Libertine Fine Jewelry Salon - Indian Wells CA

Museum Collections

When we want to learn more about where gems come from or merely wish to enjoy the mineral kingdom's infinite diversity, we head to some of our favorite museums.

Watch for special gem exhibits close to your hometown. Or, take a virtual tour of exhibits you may have missed by clicking on one of the tabs under Past Exhibits.

United States

The American Museum of Natural History
Central Park West at 79th Street, New York City
(212) 769-5100
www.amnh.org

Since the museum's first mineral collection purchase in 1874, the AMNH has featured some of the world's most important gems and minerals. Today, the museum's collections comprise more than 100,000 minerals and 3,700 gem specimens. The Tiffany-Morgan gem collection is not to be missed.

GOLD, a special exhibit featuring more than a ton of gold, is on display until August 19, 2007.

The Natural History Museum of Los Angeles Country
900 Exposition Boulevard, Los Angeles, CA 90007
(213) 763-DINO
www.nhm.org/research/minsci/exhibits.htm

The 6,000 sq. foot E. Hadley Stuart, Jr. Hall of Gems and Minerals is one of the best places to learn about gems and minerals. It houses more than 2,000 specimens along with mining artifacts and memorabilia. Interactive learning, legends and diagrams provide explanations of gemstone origins and diversity. We especially like their collection of California minerals and gemstone carvings. Inside the Hixon Gem Vault, see gems in their surprising varieties, including star rubies and rare colors.

Smithsonian National Museum of Natural History
Located at the intersection of 10th Street and Constitution Ave., NW
Washington, D.C. 20560
(202) 633-1000
http://www.minerals.si.edu/

Here's where you'll find the famed Hope Diamond, important pieces of jewelry owned by the truly rich and famous as well as a treasure trove of amazing gems. The Smithsonian's National Gem and Mineral Collection includes more than 375,000 individual specimens as well as minerals used by earth scientists and researchers from around the world.

Until September 23, 2007, visitors can enjoy a guest appearance by the famous fancy yellow Tiffany Diamond “Bird on a Rock” Brooch.

Houston Museum of Natural Science
One Hermann Circle Drive
Houston, TX 77030
(713) 639-4629
http://www.hmns.org/

The Cullen Hall of Gems and Minerals houses a dramatic collection of mineral crystal and gem specimens. Leisurely viewing of the more than 750 pieces is enhanced by the exhibit's layout and lighting. The science-minded will want to tour the nearby Eby Hall of Mineral Science. An unusual treat for gem-lovers is the museum's new Lester and Sue Smith Gem Vault. Open since November 2006, the vault houses faceted gems fashioned from rough especially procured by the museum's curators.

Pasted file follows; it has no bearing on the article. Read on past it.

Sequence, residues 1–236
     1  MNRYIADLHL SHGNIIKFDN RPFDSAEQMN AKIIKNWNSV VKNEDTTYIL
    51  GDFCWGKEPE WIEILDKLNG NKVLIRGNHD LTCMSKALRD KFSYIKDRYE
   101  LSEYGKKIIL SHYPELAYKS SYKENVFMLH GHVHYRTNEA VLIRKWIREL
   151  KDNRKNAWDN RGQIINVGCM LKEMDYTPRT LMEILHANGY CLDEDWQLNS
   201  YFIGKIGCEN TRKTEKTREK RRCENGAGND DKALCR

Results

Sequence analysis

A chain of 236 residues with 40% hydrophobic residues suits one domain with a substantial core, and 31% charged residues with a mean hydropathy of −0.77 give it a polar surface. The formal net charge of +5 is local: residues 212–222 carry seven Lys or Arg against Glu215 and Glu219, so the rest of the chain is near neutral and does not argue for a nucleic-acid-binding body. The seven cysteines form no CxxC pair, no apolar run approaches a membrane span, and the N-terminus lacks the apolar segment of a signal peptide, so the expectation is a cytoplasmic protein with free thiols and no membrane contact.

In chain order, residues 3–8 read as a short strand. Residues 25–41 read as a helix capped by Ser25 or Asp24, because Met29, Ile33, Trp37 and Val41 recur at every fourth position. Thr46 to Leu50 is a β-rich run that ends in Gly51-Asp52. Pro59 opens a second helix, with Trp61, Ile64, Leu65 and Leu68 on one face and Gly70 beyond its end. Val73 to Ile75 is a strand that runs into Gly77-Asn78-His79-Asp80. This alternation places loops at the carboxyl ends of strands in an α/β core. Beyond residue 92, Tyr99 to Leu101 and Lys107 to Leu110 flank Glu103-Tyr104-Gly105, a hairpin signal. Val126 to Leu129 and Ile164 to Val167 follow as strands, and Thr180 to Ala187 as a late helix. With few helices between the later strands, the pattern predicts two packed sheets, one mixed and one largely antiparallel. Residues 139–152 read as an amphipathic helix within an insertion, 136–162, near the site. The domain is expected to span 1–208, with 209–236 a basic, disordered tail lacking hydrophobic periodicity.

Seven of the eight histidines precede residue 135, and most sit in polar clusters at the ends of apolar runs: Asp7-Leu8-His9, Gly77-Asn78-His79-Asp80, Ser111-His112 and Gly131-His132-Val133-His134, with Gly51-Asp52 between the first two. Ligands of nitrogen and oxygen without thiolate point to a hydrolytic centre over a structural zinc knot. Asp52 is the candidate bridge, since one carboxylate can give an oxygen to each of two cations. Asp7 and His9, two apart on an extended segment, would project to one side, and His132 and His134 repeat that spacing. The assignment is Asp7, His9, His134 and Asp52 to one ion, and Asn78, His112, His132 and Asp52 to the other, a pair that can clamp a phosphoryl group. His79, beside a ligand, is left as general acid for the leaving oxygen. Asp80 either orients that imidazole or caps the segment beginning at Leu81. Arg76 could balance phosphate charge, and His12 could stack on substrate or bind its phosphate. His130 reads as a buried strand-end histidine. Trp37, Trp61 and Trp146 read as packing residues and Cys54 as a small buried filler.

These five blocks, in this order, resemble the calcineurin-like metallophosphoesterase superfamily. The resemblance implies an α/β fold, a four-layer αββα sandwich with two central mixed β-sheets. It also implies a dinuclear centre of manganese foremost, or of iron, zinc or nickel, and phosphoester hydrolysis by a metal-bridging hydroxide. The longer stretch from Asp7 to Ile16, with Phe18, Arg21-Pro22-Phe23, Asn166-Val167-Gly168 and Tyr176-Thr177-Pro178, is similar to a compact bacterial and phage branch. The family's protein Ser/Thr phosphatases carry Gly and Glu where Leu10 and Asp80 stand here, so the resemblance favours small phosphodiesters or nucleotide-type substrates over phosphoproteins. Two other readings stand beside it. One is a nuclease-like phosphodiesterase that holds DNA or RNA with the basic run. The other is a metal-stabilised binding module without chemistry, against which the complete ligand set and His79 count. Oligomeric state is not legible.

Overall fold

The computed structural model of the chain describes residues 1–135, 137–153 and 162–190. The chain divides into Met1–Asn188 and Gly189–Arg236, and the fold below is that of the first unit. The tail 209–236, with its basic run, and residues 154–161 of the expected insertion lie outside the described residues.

Past Exhibits

Click on these links to virtually visit gem and mineral exhibits you may have missed:

Pearls
www.amnh.org/exhibitions/pearls/
For pearl lovers and those who haven't yet discovered the wonder of these organic gems. A 2001-2002 exhibit at the American Museum of Natural History.

Totems to Turquoise
www.amnh.org/exhibitions/totems/
North American Native American jewelry arts, from the 2004-2005 American Museum of Natural History exhibit.

The Nature of Diamonds
www.amnh.org/exhibitions/diamonds/
Probably the most comprehensive and awe-inspiring diamond exhibit in recent memory, from the 1997-1998 American Museum of Natural History exhibit.

The Splendor of Diamonds
www.mnh.si.edu/exhibits/si-gems/
This 2003 exhibit at the Smithsonian told the fascinating story of colored diamonds with seven rare and important jewels.

Gems! The Art and Nature of Precious Stones
www.bowers.org/gems/gems.html
This 2002-2004 exhibit of more than 300 gems from a private collection included massive crystals, rare jewels, a tiara and other magnificent jewelry. No less amazing were the collections of gemstone carvings by German and American artists, all at The Bowers Museum in Santa Ana, Calif., itself a little gem of a museum.